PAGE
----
For those of you lovers of Bitcoin and Blockchain, surely it’s no stranger to hear the word “hard fork” which lately keeps popping up in the news and is becoming a hot debate among users. But how far do you understand the vulnerable Hard Fork events that occur in the world of digital assets?
Instead of giving definitions that are difficult to understand, maybe we should learn directly through the Bitcoin case study. Have you recently felt that Bitcoin transactions have taken so long to get 1 confirmation? You have already given a relatively high standard miner fee, which is 0.0005 BTC in your transaction. Your transaction should get 1 confirmation within 10-30 minutes. But now 1 hour has passed, and your Bitcoin transaction hasn’t been confirmed by the Blockchain network. Why does this happen?
You surely know how many Bitcoin transactions have happened lately. In mid-2009, there were only about 100 Bitcoin transactions processed per day. From the chart you can see how rapidly the number of transactions has increased from year to year. On March 2, 2017, the number of Bitcoin transactions even touched 329,428 in 1 day. But what’s the problem?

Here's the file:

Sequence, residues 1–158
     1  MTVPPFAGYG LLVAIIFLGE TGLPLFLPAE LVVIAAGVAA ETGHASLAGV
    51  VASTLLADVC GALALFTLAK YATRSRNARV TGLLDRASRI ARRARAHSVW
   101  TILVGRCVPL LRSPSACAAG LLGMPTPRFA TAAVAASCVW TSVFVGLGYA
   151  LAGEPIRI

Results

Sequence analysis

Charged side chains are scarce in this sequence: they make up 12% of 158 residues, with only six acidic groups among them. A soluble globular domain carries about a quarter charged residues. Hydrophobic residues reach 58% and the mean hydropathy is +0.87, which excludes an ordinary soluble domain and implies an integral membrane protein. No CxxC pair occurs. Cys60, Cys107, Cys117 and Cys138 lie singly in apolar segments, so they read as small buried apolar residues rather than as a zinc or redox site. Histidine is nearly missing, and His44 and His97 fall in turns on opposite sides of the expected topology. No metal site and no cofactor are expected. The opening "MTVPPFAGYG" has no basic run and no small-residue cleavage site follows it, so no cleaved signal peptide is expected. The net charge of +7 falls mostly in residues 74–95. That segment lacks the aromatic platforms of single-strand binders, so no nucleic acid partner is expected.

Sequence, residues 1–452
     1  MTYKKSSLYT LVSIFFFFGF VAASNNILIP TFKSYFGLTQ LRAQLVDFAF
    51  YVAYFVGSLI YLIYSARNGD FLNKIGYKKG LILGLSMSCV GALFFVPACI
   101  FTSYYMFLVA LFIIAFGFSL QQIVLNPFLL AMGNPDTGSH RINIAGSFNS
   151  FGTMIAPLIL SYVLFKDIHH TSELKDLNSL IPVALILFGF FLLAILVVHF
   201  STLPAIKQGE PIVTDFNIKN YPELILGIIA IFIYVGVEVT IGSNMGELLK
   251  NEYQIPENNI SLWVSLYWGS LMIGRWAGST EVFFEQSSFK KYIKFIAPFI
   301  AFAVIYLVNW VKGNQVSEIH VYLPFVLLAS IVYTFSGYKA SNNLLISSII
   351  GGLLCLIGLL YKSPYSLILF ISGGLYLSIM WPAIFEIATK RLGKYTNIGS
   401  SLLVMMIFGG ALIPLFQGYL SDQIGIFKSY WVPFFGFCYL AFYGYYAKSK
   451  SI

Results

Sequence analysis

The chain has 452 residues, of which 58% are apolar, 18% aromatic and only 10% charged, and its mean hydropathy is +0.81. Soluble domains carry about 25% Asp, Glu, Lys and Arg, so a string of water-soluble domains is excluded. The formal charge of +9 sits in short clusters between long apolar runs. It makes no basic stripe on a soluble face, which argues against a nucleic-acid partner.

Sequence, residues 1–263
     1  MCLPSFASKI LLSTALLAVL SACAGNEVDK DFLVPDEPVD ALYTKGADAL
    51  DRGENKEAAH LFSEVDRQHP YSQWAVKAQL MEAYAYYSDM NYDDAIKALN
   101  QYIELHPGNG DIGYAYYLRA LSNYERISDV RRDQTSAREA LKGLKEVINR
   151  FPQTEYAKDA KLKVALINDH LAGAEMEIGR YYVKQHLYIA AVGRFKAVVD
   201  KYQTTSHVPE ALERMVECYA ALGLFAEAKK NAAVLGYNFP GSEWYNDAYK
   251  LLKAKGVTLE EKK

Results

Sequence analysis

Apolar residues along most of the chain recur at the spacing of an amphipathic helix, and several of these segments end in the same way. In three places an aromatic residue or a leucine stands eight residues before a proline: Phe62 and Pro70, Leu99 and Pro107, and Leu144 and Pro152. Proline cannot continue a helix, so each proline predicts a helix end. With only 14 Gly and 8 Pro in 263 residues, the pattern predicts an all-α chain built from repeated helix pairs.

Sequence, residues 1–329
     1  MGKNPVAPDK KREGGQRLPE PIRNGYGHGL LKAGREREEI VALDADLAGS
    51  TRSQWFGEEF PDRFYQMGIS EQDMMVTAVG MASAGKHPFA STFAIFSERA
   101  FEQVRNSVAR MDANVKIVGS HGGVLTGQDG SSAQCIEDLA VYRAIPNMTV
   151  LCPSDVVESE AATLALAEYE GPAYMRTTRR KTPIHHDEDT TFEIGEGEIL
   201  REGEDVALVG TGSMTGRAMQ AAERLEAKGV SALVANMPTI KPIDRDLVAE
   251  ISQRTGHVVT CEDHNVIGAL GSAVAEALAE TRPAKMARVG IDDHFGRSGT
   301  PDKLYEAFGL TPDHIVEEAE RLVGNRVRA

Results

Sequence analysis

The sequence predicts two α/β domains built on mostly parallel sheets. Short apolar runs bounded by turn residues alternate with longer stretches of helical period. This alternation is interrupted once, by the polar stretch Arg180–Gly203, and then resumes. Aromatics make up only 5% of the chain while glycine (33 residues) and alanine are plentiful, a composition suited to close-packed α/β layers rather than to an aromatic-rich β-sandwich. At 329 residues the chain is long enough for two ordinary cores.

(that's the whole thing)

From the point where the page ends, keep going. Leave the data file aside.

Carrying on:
The problem is that one block, which appears every 10 minutes, can only hold Bitcoin transactions up to 1 MB, which means that there are only about 3 transactions that can be processed every second. If we count, it means that within 10 minutes until the next block is created, there are 1,800 transactions that can be processed. But keep in mind not necessarily in one block can actually load 1,800 transactions. Sometimes a block contains a smaller number of transactions because the capacity of each transaction data entered into the block is greater than average. So it’s possible, one block can only load 1,500 transactions, instead of 1,800 transactions.